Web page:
Drake has shared the album cover for his long-awaited Certified Lover Boy release and the internet has had a lot to say. Not least about the fact that the emoji-based design was created by none other than Damien Hirst.
Hirst takes a pop approach by taking an emoji of a pregnant woman and repeating it 12 times in different colourways and skin tones. There’s probably some sly allusion to “baby-making” music or a reference to Drake’s sexual prowess going on there, but the use of popular phone symbols also brings to mind how much music consumption has changed in the last few decades.
Where we would once buy physical records/tapes/CDs, people can now just press play on their phones and experience it through apps and social media. The reaction to Hirst’s collaboration with Drake make it seem like these kinds of collaborations are a rarity, but there is a long history of fine artists working with musicians on album covers. Here are 10 of the best examples of the moments when music and art collided…
Drake – If You’re Reading This It’s Too Late (2015)
Artist: Jim Joe
Certified Lover Boy is not the first time Drake has worked with an artist on a cover. Canadian artist Jim Joe cover for the musician’s If You’re Reading This It’s Too Late mixtape is a minimalist design with black text over a pair of praying hands with a ‘6’ floating above.
The hands (taken from a sketch by German painter and printmaker Albrecht Dürer) in combination with the number 6 refer to Drake’s song and nickname ‘6 God’. Joe’s distinct, scratchy writing echoes the lettering found in his graffiti.
Lady Gaga – Artpop (2013)
Artist: Jeff Koons
For Artpop, Lady Gaga leaned heavily into art imagery and themes. She studied with performance artist Marina Abramović, and adopted the persona of the Roman goddess Venus (referencing Botticelli’s Birth of Venus) in the video for the single Applause.
For the cover, Jeff Koons placed Gaga behind a blue mirrored ball as though she were a sculpture. In the background, shards of cropped images show sections of Bernini’s Apollo and Daphne and, of course, the Birth of Venus.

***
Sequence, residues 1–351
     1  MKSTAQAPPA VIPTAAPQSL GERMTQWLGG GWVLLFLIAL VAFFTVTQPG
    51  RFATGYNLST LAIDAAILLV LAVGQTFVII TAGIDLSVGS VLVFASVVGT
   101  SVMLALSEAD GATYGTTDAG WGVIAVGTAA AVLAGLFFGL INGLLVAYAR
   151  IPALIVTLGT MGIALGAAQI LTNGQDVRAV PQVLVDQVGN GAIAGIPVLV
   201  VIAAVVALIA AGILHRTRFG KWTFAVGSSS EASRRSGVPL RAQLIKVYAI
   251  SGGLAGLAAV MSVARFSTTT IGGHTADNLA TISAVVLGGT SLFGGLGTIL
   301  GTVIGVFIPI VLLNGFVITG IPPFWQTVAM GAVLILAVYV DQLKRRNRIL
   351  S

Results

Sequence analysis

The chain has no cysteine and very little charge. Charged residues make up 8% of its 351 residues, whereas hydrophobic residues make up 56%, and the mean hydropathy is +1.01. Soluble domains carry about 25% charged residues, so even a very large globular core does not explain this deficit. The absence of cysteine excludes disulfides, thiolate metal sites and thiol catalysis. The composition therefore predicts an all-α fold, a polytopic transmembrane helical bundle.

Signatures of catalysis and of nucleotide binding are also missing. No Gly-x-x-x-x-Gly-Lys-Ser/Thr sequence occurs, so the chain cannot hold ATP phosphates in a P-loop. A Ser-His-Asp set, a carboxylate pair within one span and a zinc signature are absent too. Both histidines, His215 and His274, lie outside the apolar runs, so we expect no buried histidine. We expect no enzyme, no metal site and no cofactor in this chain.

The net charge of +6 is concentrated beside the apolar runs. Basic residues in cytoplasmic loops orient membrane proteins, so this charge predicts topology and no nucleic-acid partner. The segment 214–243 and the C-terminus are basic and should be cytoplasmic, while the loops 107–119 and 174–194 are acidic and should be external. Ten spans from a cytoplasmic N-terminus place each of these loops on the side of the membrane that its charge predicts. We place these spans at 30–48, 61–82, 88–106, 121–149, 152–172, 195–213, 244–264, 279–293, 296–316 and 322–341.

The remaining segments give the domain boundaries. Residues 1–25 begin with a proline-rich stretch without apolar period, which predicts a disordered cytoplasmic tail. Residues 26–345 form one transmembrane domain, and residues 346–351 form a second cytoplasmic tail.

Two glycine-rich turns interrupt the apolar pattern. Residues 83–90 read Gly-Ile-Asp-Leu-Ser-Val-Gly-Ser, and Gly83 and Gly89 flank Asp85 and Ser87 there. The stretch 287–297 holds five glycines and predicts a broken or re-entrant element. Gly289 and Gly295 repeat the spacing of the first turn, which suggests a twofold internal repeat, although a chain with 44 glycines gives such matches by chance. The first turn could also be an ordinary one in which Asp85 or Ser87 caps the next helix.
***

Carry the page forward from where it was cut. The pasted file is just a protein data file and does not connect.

Aretha Franklin – Aretha (1986)
Artist: Andy Warhol
Andy Warhol was no stranger to album covers. One of the most famous is his peelable banana design for The Velvet Underground’s The Velvet Underground & Nico (1967), but he worked with musicians including the Rolling Stones, Diana Ross, and, of course, Aretha Franklin.
Warhol layered colours over a photograph of Franklin with linework accenting the soul legend’s facial features and hair, echoing his Reigning Queens series. Aretha was one of Warhol’s last projects before his death in 1987.
David Bowie – Without You (1983)
Artist: Keith Haring
Individual singles also required their own cover designs. David Bowie’s song Without You featured on his classic Let’s Dance album and the single cover was designed by Keith Haring.
The pop and graffiti artist collaborated with musicians several times, including painting Grace Jones’ body for her I’m Not Perfect video and creating covers for NYC Peech Boys. His cover design for Without You shows his well-known figure outlines in a loving embrace.
Solange – True (2012)
Artist: Mickalene Thomas
Solange’s music and performances have often bridged fine art and music. Her stage shows and music videos are like performance pieces, she has performed in the Guggenheim, and she’s displayed digital work at Tate Modern. It should be no surprise, then, that she has worked with artists for her album covers.